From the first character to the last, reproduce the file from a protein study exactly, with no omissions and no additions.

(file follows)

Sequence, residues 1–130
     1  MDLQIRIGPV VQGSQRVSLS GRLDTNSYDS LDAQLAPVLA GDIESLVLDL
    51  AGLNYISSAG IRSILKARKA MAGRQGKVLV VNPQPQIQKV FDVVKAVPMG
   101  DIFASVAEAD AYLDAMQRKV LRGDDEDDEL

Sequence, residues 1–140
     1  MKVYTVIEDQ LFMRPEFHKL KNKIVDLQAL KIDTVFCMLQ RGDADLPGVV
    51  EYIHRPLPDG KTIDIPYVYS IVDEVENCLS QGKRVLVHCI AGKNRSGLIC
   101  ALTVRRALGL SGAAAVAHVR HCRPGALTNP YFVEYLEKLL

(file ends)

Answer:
Sequence, residues 1–130
     1  MDLQIRIGPV VQGSQRVSLS GRLDTNSYDS LDAQLAPVLA GDIESLVLDL
    51  AGLNYISSAG IRSILKARKA MAGRQGKVLV VNPQPQIQKV FDVVKAVPMG
   101  DIFASVAEAD AYLDAMQRKV LRGDDEDDEL

Sequence, residues 1–140
     1  MKVYTVIEDQ LFMRPEFHKL KNKIVDLQAL KIDTVFCMLQ RGDADLPGVV
    51  EYIHRPLPDG KTIDIPYVYS IVDEVENCLS QGKRVLVHCI AGKNRSGLIC
   101  ALTVRRALGL SGAAAVAHVR HCRPGALTNP YFVEYLEKLL